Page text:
Yes, chili can be a performance food.
Yes, chili can be a performance food. (Photo: Annie Spratt/Unsplash)

The Only Chili Recipes You’ll Ever Need

Stave off the fall cold with these three delicious recipes

Yes, chili can be a performance food.
Annie Spratt/Unsplash(Photo)

Heading out the door? Read this article on the new Outside+ app available now on iOS devices for members! Download the app.

Fall is in full swing, which means it’s chili season. Whether you take your chili in a paper cup at the ski lodge, scooped from a slow cooker on the kitchen counter, or bubbling over your biggest cast-iron pan in camp, we’ve got a recipe for you. Here’s a sampling of our favorites.

Dirtbag Chili

Celebrity chef and van dweller Adam Glick has perfected his camp chili recipe after years of practice. His secret? Even in the backcountry, he doesn’t settle for anything less than a Dutch oven or cast-iron pan. Sure, they’re heavy, but they work for cooking pretty much anything and can be used on an open flame or a van-sized stovetop. Glick’s variation features unexpected ingredients like bacon and apples.


  • 1 pound bacon, cut into half-inch chunks
  • 1 pound ground beef
  • 1 yellow onion, diced large
  • 2 Jazz apples, diced small
  • 2 jalapeños, seeds and stems removed, finely chopped
  • 4 cloves of garlic, finely chopped
  • 2 cups crushed tomatoes with their juices (San Marzanos, if possible)
  • 1 12-ounce dark beer (or beef stock if you prefer)
  • 2 teaspoons Worcestershire sauce
  • 1 tablespoon chili powder
  • 1 teaspoon ground cumin
  • 1 tablespoon smoked paprika
  • 1 tablespoon kosher salt
  • 1 16-ounce can kidney beans, drained


  1. In a large pot, cook the bacon chunks until crispy. Scoop out bacon with a slotted spoon, leaving the hot fat behind.
  2. Add the ground beef and cook until browned.
  3. Add the onion and apples and sauté until tender.
  4. Add the jalapeños and sauté until tender.
  5. Add the garlic and sauté for approximately 30 seconds.
  6. Add the remaining ingredients, cover, and simmer for one to two hours over low-medium heat (should be just small bubbles, not a vigorous simmer or boil). If you’re using a Dutch oven at the campsite, simply cover the pot with a heavy lid and let it rest by the fire all day. The longer it simmers, the more flavor it will get.
  7. Adjust seasoning as you wish—add more salt and spices if needed.
  8. Ladle into bowls and garnish the way you like.

Vegan Chili

Ultrarunner and vegan cook Matt Frazier makes a mean, meat-free cowboy chili, and he shares the recipe in his latest cookbook, No Meat Athlete. Frazier recommends serving it over a base of rice or bulgur. Co-author Stepfanie Romine offers this tip for cooking chili perfectly: Timing is everything. “For rich, no-meat chili, be sure to cook both your spices and your tomato paste first—otherwise they don’t have a chance to open up and their flavor gets lost. Cooking spices in a bit of fat helps release their volatile oils for more intense flavor,” she explains. “Add your tomato paste after you’ve sautéed your vegetables, not when you add the liquid ingredients. Cook the tomato paste, stirring constantly, until it darkens in color, then add things like beans, broth, and diced tomatoes. These tips only take a couple extra minutes, but they add so much flavor!”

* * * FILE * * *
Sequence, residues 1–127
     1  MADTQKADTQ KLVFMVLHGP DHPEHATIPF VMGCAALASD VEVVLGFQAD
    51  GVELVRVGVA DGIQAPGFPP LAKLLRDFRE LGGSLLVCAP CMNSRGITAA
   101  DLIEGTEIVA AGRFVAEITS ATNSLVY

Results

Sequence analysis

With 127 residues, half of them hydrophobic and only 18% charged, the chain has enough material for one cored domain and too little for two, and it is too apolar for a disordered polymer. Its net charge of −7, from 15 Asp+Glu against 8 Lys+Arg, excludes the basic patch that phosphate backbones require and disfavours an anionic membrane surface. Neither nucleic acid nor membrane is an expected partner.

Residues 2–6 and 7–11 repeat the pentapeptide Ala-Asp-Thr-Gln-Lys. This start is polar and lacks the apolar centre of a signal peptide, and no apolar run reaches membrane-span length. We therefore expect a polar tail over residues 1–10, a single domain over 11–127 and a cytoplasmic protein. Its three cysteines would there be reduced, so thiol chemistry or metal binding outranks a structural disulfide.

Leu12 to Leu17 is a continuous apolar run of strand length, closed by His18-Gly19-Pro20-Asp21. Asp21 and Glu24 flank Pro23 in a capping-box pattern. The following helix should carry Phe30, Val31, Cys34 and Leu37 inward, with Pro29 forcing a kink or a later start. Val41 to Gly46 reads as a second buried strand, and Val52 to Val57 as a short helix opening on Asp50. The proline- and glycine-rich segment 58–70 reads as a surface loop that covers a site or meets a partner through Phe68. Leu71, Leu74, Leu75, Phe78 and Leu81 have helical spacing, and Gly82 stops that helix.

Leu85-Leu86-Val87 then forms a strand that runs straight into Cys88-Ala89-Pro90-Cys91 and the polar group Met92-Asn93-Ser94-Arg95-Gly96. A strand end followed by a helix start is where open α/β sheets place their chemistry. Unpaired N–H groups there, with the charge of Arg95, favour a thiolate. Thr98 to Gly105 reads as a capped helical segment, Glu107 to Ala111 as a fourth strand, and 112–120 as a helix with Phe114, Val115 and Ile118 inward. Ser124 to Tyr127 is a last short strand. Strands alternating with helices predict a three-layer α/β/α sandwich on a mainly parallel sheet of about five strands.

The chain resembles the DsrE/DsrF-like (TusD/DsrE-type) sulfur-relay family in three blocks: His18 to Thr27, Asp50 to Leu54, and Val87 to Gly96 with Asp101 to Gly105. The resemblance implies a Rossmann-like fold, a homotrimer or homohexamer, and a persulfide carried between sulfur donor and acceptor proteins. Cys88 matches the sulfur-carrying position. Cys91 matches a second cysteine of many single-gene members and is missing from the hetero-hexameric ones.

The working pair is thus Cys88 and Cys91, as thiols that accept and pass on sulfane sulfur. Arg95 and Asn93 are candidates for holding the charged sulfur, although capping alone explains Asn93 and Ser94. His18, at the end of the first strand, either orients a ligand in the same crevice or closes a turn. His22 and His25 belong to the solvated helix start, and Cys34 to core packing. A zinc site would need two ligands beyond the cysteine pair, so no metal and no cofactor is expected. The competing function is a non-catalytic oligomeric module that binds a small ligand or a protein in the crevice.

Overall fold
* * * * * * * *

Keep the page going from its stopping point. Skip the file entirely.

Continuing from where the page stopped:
• 1 tablespoon olive or grapeseed oil
  • 1 small onion, chopped
  • 1 green bell pepper, chopped
  • 1 cup canned hominy
  • 2 cups packed collard greens, chopped
  • 2 cloves garlic, minced
  • 1/2 teaspoon salt
  • 1 tablespoon chili powder
  • 2 teaspoons cumin
  • 1 1/2 teaspoons smoked paprika
  • 1/2 teaspoon oregano
  • 1 can stewed tomatoes
  • 1 cup vegetable broth
  • 1/2 cup brewed coffee
  • 1 tablespoon hot sauce or other pepper sauce
  • 1 16-ounce can black-eyed peas, drained and rinsed
  • 1 16-ounce can kidney beans, drained and rinsed
  • 6 to 8 cups cooked brown rice or bulgur wheat, for serving
  • Lime juice, for serving
  • Sliced avocado, for serving


  1. Heat the oil in a large pot over medium heat.
  2. Add the onion, bell pepper, hominy, and collard greens and cook, stirring frequently, for about seven minutes or until onion is lightly browned.
  3. Add the garlic, salt, chili powder, cumin, paprika, and oregano and cook for an additional minute.
  4. Add the tomatoes, vegetable broth, coffee, and hot sauce, and then stir in the beans.
  5. Bring to a boil. Reduce the heat to medium and simmer, covered, for at least 25 minutes. The longer you cook the chili and the lower the temperature, the more the flavors will meld and the better the chili will taste.
  6. Adjust the salt and seasonings to taste, and serve over cooked brown rice or bulgur wheat, with more hot sauce, lime juice, and sliced avocado for garnish.

Lazy Foodie Chili

Greek-American distance runner Alexi Pappas, who made her marathon debut in Chicago this fall, makes a simple bison chili in her Instant Pot. She brings her Mediterranean roots to her cooking, swapping out kidney beans for lentils and adding flavor and texture with ingredients like red wine and cauliflower. Pappas serves her chili with fresh oatmeal whole-wheat bread, and sometimes she’ll toss wild rice straight into the pressure cooker, where it soaks up the bone broth and makes for an even heartier stew.


  • 1 pound ground bison or big chunks of lamb
  • 4 cups precooked lentils
  • 3 cups grass-fed beef bone broth
  • 5 medium tomatoes
  • 1 red onion
  • 1/3 cup red wine
  • 2 medium sweet potatoes
  • 1/2 cauliflower head
  • 1 whole garlic clove, peeled
  • Chili powder
  • Salt
  • Pepper


  1. Separate meat into chunks, and chop all the vegetables.
  2. Pop all ingredients into the Instant Pot.
  3. Set the Instant Pot on the Stew/Chili setting, and you’re less than an hour away from the perfect meal.
Lead Photo: Annie Spratt/Unsplash

Trending on Outside Online